Craft beer boom drives taste for high abv beer
The number of beers launched globally with an abv of 6.5% or over rose by 280% between 2011 and 2014, pointing toward a growing trend for high alcohol beers.
According to research by Mintel, almost a quarter of beers launched globally in 2014 had an abv of 6.5% or higher, 25% in 2013, up from just 15% in 2012, undoubtedly driven by the rise in craft beer.
The highest increase was in North America, where the launch of abv beers grew by 319% during this time, followed by Europe at 307%, Latin America by 260% and the Asia Pacific by a much lower 46%.
“More global beer drinkers now view high ABV as a key quality indicator, inspired by the success of craft beer in the US – and increasingly globally over the past two years”, said Jonny Forsyth, global drinks analyst at Mintel.
“While in certain countries, drinking strong beer has long been the cultural norm, they were previously the exception rather than the rule. The craft beer phenomenon has made high strength beer acceptable for consumers. And not just acceptable, but trendy and sophisticated. For example, in the highly influential US craft beer scene, the most popular style is the hop-heavy IPA which regularly uses a high ABV to ensure its flavour has extra bite. Imperial stouts and porters have also emerged as a popular craft beer style in the US and are usually hovering at around 10% abv.”
Between 2011 and 2014, North America saw the most beer launches with an ABV higher than 6.5% accounting for 46% of launches, followed by Europe which hosted 40% of launches.
In the UK, Mintel’s research indicated that consumers associate a higher ABV with a higher quality beer. Over two in five (44%) UK consumers who drink beer said they associated a higher percentage alcohol content with premium beer, with 10% listing this as the most important factor.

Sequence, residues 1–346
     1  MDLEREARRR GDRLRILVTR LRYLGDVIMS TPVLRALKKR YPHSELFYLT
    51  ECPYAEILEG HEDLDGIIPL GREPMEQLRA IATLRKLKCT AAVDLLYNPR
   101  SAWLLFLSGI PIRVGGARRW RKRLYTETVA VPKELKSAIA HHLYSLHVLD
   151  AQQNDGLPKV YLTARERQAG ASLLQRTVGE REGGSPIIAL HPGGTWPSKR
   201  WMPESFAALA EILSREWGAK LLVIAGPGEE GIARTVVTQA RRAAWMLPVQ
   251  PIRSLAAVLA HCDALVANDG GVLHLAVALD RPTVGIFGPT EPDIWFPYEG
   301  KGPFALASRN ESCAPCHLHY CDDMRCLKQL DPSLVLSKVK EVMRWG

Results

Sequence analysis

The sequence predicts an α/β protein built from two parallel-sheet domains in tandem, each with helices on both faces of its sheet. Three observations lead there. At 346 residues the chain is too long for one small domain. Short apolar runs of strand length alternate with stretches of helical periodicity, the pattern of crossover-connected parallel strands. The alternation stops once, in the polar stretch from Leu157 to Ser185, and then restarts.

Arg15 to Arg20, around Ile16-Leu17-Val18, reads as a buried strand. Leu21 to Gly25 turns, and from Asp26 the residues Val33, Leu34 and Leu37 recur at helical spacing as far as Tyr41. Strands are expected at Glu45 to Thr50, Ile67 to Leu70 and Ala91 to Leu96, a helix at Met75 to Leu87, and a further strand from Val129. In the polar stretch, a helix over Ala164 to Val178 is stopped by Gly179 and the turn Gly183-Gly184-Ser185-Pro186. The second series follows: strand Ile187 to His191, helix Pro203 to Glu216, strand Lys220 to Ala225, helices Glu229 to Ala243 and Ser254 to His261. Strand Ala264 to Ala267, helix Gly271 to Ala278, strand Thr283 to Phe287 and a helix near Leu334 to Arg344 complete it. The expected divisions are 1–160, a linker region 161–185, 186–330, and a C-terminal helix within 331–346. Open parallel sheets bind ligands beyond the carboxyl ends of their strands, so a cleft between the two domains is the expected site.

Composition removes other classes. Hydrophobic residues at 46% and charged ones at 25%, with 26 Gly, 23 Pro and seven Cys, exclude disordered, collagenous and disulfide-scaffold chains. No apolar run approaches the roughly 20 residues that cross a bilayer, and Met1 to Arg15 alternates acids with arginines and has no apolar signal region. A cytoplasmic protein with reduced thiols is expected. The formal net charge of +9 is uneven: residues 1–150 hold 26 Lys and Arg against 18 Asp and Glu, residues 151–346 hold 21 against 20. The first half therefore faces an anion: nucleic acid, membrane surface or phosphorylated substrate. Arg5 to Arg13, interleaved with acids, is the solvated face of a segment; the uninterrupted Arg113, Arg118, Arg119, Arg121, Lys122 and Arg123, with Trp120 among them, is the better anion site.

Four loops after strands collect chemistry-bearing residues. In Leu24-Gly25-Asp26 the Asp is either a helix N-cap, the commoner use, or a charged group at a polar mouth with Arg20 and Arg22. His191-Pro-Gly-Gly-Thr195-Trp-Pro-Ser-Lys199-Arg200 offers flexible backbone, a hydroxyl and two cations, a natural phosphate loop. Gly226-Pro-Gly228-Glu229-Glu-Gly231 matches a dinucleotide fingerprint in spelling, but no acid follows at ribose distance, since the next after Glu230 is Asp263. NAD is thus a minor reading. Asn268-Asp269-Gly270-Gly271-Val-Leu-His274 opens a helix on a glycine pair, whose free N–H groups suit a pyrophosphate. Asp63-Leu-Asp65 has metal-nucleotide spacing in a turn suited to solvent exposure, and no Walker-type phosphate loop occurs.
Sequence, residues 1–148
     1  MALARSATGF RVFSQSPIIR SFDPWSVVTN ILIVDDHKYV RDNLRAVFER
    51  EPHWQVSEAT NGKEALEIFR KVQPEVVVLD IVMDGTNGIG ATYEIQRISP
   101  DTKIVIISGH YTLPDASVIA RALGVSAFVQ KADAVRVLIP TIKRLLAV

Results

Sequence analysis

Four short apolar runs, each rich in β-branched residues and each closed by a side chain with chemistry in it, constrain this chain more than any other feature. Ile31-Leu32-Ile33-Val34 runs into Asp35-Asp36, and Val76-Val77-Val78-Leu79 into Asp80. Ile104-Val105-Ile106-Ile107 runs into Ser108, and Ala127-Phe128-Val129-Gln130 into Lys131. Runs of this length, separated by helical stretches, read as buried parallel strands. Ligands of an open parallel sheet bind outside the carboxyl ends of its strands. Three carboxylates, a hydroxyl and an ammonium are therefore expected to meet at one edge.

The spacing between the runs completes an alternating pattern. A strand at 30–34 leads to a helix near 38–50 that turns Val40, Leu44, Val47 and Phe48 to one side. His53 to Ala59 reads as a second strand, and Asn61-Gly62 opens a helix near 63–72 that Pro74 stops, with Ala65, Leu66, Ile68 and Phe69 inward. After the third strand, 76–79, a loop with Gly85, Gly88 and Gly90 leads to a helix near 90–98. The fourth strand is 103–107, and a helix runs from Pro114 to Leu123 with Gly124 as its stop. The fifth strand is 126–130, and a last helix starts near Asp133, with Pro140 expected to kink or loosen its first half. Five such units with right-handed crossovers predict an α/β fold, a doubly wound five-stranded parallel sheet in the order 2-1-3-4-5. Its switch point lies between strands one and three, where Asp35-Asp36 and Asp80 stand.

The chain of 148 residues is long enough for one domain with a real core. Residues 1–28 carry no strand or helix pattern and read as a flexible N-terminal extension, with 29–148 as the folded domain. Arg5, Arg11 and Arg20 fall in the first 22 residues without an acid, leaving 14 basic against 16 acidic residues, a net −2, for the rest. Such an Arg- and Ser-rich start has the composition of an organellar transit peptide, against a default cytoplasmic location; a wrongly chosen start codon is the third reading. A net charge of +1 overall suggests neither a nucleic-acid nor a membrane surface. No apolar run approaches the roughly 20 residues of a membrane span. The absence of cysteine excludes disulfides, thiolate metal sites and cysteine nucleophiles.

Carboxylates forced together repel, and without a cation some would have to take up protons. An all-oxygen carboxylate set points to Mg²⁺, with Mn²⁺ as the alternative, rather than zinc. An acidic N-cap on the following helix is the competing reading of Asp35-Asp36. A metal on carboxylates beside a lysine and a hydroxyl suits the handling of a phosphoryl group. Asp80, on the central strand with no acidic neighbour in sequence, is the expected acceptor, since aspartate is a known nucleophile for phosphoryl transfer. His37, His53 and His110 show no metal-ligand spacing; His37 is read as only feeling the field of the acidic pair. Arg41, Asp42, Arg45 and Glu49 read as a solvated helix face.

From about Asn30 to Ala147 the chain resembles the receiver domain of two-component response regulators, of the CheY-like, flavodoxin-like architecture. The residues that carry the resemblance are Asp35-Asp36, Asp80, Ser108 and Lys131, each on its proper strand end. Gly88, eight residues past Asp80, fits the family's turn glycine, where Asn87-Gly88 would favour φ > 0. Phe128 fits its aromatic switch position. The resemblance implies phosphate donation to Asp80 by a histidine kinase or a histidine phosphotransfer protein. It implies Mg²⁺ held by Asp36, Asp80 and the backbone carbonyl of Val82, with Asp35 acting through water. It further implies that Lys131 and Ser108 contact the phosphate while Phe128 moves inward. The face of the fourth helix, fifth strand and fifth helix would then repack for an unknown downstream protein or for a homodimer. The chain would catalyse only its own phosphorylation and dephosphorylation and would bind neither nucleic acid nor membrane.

“This is particularly interesting in light of the recent government initiative which has seen major brewers voluntarily shed alcohol units from popular UK beer brands such as Stella Artois”, said Forsyth. “This has helped reduce the number of UK alcohol units across the country. Stronger craft beer has merely made beer more like wine, a lower volume drink to be sipped and savoured rather than gulped. However, while craft beer drinkers are likely to drink a lesser quantity of beer, the beverage remains primarily about refreshment and volume, particularly in the summer months”.
Despite a rise in product launches of higher ABV beer, the proportion of consumers preferring stronger beer has declined over the past two years in some markets. Between 2013 and 2015, France saw a 4% drop in the proportion of French consumers preferring beer with an ABV of over 5%, whilst there has been a 6% drop in Spain and 8% drop in Poland. This has been particularly prevalent among 18 to 24 year olds.
“This decline evidences that younger drinkers of this era are much more health-conscious than previous generations, and have been better educated on the dangers of binge drinking, hence their role in also driving non-alcoholic beer sales”, said Forsyth.
“If innovation does not give craft beer drinkers more options in terms of alcohol content, a backlash against the trend for higher-strength beers is inevitable. People want choices and for many consumers high ABV beers too quickly take them over the recommended drinking limit.”